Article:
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Fair Labor Standards Act


Fair Labor Standards Act Presented by the US Department of Labor Wage and Hour Division * See FLSA Section 13(a)(1) and Section 13(a)(17); 29 CFR 541 Defining the ... – PowerPoint PPT presentation

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Title: Fair Labor Standards Act

Fair Labor Standards Act
  • Presented by the
  • US Department of Labor
  • Wage and Hour Division

Major Provisions
  • Coverage
  • Minimum Wage
  • Overtime Pay
  • Youth Employment
  • Recordkeeping

Employment Relationship
  • In order for the FLSA to apply, there must be an
    employment relationship between the employer
    and the employee

Minimum Wage
Minimum Wage Basics
  • Covered, non-exempt employees must be paid not
    less than the federal minimum wage for all hours
  • The minimum wage is 7.25 per hour
  • Cash or equivalent free and clear

Minimum Wage Issues
  • Compensation Included
  • Deductions
  • Hours Worked

Compensation Included
  • Wages (salary, hourly, piece rate)
  • Commissions
  • Certain bonuses

  • Deductions from pay illegal if
  • Deduction is for item considered primarily for
    the benefit or convenience of the employer and
  • The deduction reduces employees earnings below
    required minimum wage
  • Examples of illegal deductions
  • Tools used for work
  • Damages to employers property
  • Cash register shortages

Hours Worked Issues
  • Suffered or Permitted
  • Waiting Time
  • On-Call Time
  • Meal and Rest Periods
  • Training Time
  • Travel Time
  • Sleep Time

Suffered or Permitted
  • Work not requested but suffered or permitted is
    work time

Waiting Time
  • Counted as hours worked when
  • Employee is unable to use the time effectively
    for his or her own purposes and
  • Time is controlled by the employer
  • Not counted as hours worked when
  • Employee is completely relieved from duty and
  • Time is long enough to enable the employee to use
    it effectively for his or her own purposes

On-Call Time
  • On-call time is hours worked when
  • Employee has to stay on the employers premises
  • Employee has to stay so close to the employers
    premises that the employee cannot use that time
    effectively for his or her own purposes
  • On-call time is not hours worked when
  • Employee is required to carry a pager
  • Employee is required to leave word at home or
    with the employer where he or she can be reached

Meal and Rest Periods
  • Meal periods are not hours worked when the
    employee is relieved of duties for the purpose of
    eating a meal
  • Rest periods of short duration (normally 5 to 20
    minutes) are counted as hours worked and must be

Training Time
  • Time employees spend in meetings, lectures, or
    training is considered hours worked and must be
    paid, unless
  • Attendance is outside regular working hours
  • Attendance is voluntary
  • The course, lecture, or meeting is not job
  • The employee does not perform any productive work
    during attendance

Travel Time
  • Ordinary home to work travel is not work time
  • Travel between job sites during the normal work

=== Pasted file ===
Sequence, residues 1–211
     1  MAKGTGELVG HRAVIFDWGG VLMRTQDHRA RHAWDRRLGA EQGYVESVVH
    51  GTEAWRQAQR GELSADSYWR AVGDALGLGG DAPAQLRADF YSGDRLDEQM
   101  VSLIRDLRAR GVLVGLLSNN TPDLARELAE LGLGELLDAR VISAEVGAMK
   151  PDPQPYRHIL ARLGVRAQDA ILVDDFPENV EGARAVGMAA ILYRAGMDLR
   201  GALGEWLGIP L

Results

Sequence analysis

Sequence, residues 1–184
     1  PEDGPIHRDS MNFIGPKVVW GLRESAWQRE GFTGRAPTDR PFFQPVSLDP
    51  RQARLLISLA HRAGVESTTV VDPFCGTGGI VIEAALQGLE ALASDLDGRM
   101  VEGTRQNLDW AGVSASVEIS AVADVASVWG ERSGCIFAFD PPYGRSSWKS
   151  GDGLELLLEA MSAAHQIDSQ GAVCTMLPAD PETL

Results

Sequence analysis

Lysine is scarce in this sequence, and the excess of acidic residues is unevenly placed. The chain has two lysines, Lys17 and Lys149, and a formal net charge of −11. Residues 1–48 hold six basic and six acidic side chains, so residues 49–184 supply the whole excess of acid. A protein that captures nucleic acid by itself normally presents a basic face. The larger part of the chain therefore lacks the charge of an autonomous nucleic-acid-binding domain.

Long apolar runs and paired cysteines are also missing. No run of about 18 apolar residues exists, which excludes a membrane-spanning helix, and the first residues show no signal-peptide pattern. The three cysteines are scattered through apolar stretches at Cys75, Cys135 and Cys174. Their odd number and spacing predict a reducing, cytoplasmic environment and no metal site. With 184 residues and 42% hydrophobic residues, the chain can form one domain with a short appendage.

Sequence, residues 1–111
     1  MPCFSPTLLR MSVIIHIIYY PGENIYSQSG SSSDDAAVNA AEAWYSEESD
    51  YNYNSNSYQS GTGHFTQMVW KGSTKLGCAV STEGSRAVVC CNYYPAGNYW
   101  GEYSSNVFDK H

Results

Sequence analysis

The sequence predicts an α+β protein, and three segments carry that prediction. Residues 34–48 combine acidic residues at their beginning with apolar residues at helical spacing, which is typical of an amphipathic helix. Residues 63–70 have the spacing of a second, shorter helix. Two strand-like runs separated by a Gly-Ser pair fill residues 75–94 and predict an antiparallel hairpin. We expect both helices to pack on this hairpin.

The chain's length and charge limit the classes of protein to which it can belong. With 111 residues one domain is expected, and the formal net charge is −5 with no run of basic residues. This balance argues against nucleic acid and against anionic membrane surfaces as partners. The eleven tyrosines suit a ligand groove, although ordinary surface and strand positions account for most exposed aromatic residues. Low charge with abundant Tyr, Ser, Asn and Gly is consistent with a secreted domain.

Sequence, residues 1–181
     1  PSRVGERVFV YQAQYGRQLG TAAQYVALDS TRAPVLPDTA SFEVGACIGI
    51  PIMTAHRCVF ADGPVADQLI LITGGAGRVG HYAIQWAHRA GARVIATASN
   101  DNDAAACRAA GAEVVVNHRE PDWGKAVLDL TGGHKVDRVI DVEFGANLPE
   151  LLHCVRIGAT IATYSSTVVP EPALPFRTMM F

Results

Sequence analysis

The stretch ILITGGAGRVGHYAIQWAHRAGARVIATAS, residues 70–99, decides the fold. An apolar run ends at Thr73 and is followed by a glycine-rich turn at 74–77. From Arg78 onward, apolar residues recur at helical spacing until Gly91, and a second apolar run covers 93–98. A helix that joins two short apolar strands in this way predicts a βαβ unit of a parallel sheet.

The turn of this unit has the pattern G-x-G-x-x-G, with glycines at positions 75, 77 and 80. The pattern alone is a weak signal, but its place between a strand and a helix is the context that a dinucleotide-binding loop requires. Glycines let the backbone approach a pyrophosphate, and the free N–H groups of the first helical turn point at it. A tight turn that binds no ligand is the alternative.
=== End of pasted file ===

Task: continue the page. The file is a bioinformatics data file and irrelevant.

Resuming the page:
day is work time
  • Special rules apply to travel away from the
    employees home community

Sleep Time
  • Less than 24 hour duty
  • Employee who is on duty for less than 24 hours is
    considered to be working even if allowed to sleep
    or engage in other personal pursuits
  • Duty of 24 hours or more
  • Parties can agree to exclude bona fide sleep and
    meal periods

Overtime Pay
  • Covered, non-exempt employees must receive one
    and one-half times the regular rate of pay for
    all hours worked over forty in a workweek

Overtime Issues
  • Compliance is determined by workweek, and each
    workweek stands by itself
  • Workweek is 7 consecutive 24 hour periods (168
  • Regular rate
  • Payments excluded from rate
  • Deductions

Regular Rate
  • Is determined by dividing total earnings in the
    workweek by the total number of hours worked in
    the workweek
  • May not be less than the applicable minimum wage

Regular Rate Exclusions
  • Sums paid as gifts
  • Payments for time not worked
  • Reimbursement for expenses
  • Discretionary bonuses
  • Profit sharing plans
  • Retirement and insurance plans
  • Overtime premium payments
  • Stock options

Exemptions and Exceptions
  • There are numerous exemptions and exceptions
    from the minimum wage and/or overtime standards
    of the FLSA

White Collar Exemptions
White Collar Exemptions
  • The most common FLSA minimum wage and overtime
    exemption -- often called the 541 or white
    collar exemption -- applies to certain
  • Executive Employees
  • Administrative Employees
  • Professional Employees
  • Outside Sales Employees
  • Computer Employees

Three Tests for Exemption
  • Salary Level
  • Salary Basis
  • Job Duties

Minimum Salary Level 455
  • For most employees, the minimum salary level
    required for exemption is 455 per week
  • Must be paid free and clear
  • The 455 per week may be paid in equivalent
    amounts for periods longer than one week
  • Biweekly 910.00
  • Semimonthly 985.83
  • Monthly 1,971.66

Deductions From Salary
  • An employee is not paid on a salary basis if